Connecticut legislators voted to keep chocolate milk out of public school lunchrooms across the state on Thursday over sodium levels.
The proposal will next go to Gov. Dannel Malloy for approval.
Critics of the proposal argue that it will actually hurt kids' diets because they will not get the nutritional benefits of milk.
"What concerns me is that if chocolate milk is not one of the available options, then I believe students will decrease consumption of milk overall," Lonnie Burt, the chief nutritionist of Hartford Public Schools, told NBC Connecticut
The move comes in the wake of the government's nutritional guidelines for school lunches, which limits calories, fats, sugars, sodium, and other aspects of diets. The Healthy, Hunger-Free Kids Act of 2010
also requires that all lunches contain a half-cup of fruits or vegetables in addition to the main course.
Children have used Twitter to vent their anger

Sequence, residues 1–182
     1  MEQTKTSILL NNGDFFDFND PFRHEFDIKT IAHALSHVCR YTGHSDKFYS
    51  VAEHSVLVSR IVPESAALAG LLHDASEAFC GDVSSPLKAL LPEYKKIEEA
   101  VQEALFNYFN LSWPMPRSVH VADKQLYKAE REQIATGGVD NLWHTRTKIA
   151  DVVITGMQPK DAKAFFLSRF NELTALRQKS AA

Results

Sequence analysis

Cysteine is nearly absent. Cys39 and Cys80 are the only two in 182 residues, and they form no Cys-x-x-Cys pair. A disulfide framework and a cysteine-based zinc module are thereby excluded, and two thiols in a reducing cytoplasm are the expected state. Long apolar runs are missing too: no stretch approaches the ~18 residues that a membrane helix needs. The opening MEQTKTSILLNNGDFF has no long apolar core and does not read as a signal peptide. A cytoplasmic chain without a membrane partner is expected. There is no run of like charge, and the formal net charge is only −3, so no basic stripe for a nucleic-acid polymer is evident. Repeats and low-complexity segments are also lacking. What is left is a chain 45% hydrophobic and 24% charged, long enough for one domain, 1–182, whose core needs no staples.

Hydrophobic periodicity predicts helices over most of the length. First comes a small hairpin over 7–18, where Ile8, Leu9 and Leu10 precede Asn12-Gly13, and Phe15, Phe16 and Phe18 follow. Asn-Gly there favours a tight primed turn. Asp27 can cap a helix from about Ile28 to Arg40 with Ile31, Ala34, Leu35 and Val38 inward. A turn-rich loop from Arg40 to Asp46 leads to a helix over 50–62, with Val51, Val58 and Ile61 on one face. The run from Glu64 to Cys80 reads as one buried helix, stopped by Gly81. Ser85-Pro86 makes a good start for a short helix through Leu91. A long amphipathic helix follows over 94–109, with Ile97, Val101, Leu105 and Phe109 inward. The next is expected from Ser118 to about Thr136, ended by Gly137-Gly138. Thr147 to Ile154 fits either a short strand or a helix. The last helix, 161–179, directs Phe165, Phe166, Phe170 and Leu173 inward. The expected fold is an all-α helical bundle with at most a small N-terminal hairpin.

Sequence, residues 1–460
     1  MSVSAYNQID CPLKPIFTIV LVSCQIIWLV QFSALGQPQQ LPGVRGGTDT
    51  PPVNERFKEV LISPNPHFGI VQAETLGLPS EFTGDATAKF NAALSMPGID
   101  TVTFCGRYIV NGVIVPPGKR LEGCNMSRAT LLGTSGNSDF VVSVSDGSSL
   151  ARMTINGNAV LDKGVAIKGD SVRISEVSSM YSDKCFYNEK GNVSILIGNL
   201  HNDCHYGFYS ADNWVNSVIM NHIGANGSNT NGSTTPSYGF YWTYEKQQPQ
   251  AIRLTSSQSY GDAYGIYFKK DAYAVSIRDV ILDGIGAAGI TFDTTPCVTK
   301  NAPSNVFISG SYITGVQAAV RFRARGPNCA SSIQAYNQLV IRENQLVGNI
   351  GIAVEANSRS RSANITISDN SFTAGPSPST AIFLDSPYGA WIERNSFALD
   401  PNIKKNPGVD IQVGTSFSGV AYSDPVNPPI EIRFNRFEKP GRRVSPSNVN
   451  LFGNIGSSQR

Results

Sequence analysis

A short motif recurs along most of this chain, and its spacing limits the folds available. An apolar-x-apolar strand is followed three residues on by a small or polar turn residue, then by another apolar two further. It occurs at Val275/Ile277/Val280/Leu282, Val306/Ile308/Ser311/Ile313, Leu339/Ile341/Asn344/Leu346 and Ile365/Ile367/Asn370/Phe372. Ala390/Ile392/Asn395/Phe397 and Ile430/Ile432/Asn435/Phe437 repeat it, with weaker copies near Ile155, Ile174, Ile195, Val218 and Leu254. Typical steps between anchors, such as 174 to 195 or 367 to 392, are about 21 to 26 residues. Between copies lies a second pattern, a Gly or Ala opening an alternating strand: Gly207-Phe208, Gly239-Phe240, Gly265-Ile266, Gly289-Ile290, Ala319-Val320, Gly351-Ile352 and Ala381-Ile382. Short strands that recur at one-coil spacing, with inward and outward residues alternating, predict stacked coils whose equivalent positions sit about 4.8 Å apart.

about the program. Some say the portion sizes are too small, while others claim the food does not taste good.
The move to ban chocolate milk would cause some kids, according to experts, not to drink milk at all with lunch. This would rob them of bone-building calcium and other nutrients.
According to the results of a study performed by Cornell University researchers
, getting rid of chocolate milk at 11 schools in Oregon led to lower milk sales and more waste.
"Eliminating chocolate milk from the elementary schools decreased total milk sales by 10 percent, indicating that many students substituted white for chocolate milk," the study reads. "Even though more students were taking white milk, they wasted 29 percent more than before. Nutritionally, after the milk substitution, students on average consumed less sugar and fewer calories, but also consumed less protein and calcium."
The new school lunch program, spearheaded by first lady Michelle Obama, has forced public schools across the nation to adapt. This summer, schools that participate in the federal program will have to get rid of junk food
— potato chips and other snack foods, along with sodas — from vending machines and cafeterias, or risk being fined and losing funding for the program. The mandate will also ban bake sale fundraisers from schools.
The new guidelines limit beverage sizes to 8 ounces in elementary schools for anything other than water, and 12 ounces in middle schools. High schools are allowed to offer caffeinated and low-calorie carbonated drinks but those are limited to 20 ounces or less.
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